TAIPEI (Taiwan News) — Taipei Mayor Ko Wen-je (柯文哲) said on Sunday (July 3) Taipei Metro will tough it out and that no fare hikes are imminent, as the public transport system braces for a spike in electricity bills after a rate increase took effect July 1.
The government-owned Taipei Rapid Transit Corporation (TRTC) had urged for the MRT system to be spared a rise in electricity prices but the Ministry of Economic Affairs went ahead with a 15% hike for large industrial users. This would translate to a surge of NT$300 million (US$10.05 million) in its annual energy bill, according to TRTC.
The move has sparked questions about a possible hike in Taipei Metro fares, which have remained the same for 26 years.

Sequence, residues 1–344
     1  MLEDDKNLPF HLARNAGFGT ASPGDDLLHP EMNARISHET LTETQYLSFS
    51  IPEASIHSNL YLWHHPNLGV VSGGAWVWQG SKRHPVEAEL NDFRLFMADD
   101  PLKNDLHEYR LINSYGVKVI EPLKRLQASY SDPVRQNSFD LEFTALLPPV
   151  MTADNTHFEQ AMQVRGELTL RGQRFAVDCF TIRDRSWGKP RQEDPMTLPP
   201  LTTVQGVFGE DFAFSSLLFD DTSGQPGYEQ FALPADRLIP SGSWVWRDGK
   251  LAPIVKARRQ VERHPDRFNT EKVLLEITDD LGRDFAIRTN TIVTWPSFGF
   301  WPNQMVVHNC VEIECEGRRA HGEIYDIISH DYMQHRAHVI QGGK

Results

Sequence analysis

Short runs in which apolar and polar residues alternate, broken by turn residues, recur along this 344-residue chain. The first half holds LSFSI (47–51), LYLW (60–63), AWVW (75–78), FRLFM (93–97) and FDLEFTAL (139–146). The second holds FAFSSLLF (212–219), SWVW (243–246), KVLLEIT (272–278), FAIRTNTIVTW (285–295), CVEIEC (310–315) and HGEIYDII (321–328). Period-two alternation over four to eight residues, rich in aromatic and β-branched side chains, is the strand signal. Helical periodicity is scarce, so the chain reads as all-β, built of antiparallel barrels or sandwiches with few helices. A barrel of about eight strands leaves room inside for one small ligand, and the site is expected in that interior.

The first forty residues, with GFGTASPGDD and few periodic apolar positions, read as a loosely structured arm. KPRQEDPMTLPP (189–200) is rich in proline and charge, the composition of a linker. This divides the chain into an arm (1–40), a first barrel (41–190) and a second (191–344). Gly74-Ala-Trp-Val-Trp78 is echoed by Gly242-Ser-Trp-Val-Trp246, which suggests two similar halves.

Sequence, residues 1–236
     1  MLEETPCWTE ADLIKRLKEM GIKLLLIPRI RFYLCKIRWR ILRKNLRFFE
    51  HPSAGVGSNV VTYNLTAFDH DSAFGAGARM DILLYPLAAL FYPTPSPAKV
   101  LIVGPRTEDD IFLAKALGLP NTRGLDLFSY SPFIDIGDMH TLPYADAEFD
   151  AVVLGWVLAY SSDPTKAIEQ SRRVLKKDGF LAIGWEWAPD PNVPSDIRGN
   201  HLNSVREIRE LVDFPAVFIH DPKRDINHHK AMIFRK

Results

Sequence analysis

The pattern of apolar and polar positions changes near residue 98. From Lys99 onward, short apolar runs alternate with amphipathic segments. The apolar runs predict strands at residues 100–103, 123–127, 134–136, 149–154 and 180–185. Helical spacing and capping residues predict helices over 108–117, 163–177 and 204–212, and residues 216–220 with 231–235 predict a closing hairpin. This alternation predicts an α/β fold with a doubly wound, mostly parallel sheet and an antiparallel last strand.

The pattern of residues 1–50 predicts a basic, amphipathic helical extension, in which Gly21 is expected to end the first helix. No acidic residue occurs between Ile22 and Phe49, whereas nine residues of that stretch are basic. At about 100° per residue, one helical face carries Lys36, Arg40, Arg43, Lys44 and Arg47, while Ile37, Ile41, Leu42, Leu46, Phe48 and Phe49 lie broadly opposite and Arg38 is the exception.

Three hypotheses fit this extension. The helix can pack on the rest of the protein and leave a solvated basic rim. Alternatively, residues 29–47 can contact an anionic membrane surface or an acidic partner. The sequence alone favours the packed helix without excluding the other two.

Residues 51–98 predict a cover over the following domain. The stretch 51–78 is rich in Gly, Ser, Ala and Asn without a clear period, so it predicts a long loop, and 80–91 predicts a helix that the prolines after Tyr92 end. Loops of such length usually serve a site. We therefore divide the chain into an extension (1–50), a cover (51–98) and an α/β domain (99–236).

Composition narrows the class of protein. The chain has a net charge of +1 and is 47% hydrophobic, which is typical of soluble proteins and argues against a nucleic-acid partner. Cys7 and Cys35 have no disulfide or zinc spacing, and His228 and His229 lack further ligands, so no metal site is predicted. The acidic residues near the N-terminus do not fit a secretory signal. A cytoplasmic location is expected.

Addressing the issue, Ko noted he has asked the company “to hold as long as you can” and find other sources of income rather than implementing a fare hike. He admitted the company is struggling to balance its budget, having joked that Taipei Metro has even had to “sell coffee” to try to profit, according to NOWnews.
Currently, 80% of the mass transit system’s revenue comes from ticketing. The operations are modeled on Hong Kong’s Octopus card, said Ko, a contactless payment system with multiple applications.
Despite the soaring cost of electricity, Taipei Metro will not sacrifice the quality of its services, TRTC stressed in a statement. For the past years, the company has turned a significant proportion of its networks into commercial space, raking in an annual income of NT$200 million. Similar efforts are ongoing, while transit-oriented development projects being rolled out at its MRT Jiantan, Shilin, and Jiannan Road stations are expected to bring in another NT$600 million in revenue.